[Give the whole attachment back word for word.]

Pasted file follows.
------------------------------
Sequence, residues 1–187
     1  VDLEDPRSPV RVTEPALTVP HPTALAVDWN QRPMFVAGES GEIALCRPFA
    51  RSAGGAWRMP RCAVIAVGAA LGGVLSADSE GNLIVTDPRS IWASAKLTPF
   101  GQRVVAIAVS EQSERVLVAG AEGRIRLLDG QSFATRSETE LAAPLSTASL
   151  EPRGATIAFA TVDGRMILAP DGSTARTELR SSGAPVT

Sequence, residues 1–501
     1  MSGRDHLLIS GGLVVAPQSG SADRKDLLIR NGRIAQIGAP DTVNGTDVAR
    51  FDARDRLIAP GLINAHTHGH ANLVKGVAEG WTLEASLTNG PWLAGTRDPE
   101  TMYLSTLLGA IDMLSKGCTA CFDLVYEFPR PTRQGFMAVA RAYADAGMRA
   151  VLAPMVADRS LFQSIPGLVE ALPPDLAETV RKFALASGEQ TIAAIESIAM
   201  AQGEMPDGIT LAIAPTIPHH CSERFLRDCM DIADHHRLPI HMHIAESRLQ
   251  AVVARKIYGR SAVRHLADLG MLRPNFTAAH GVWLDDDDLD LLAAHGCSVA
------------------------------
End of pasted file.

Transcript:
Sequence, residues 1–187
     1  VDLEDPRSPV RVTEPALTVP HPTALAVDWN QRPMFVAGES GEIALCRPFA
    51  RSAGGAWRMP RCAVIAVGAA LGGVLSADSE GNLIVTDPRS IWASAKLTPF
   101  GQRVVAIAVS EQSERVLVAG AEGRIRLLDG QSFATRSETE LAAPLSTASL
   151  EPRGATIAFA TVDGRMILAP DGSTARTELR SSGAPVT

Sequence, residues 1–501
     1  MSGRDHLLIS GGLVVAPQSG SADRKDLLIR NGRIAQIGAP DTVNGTDVAR
    51  FDARDRLIAP GLINAHTHGH ANLVKGVAEG WTLEASLTNG PWLAGTRDPE
   101  TMYLSTLLGA IDMLSKGCTA CFDLVYEFPR PTRQGFMAVA RAYADAGMRA
   151  VLAPMVADRS LFQSIPGLVE ALPPDLAETV RKFALASGEQ TIAAIESIAM
   201  AQGEMPDGIT LAIAPTIPHH CSERFLRDCM DIADHHRLPI HMHIAESRLQ
   251  AVVARKIYGR SAVRHLADLG MLRPNFTAAH GVWLDDDDLD LLAAHGCSVA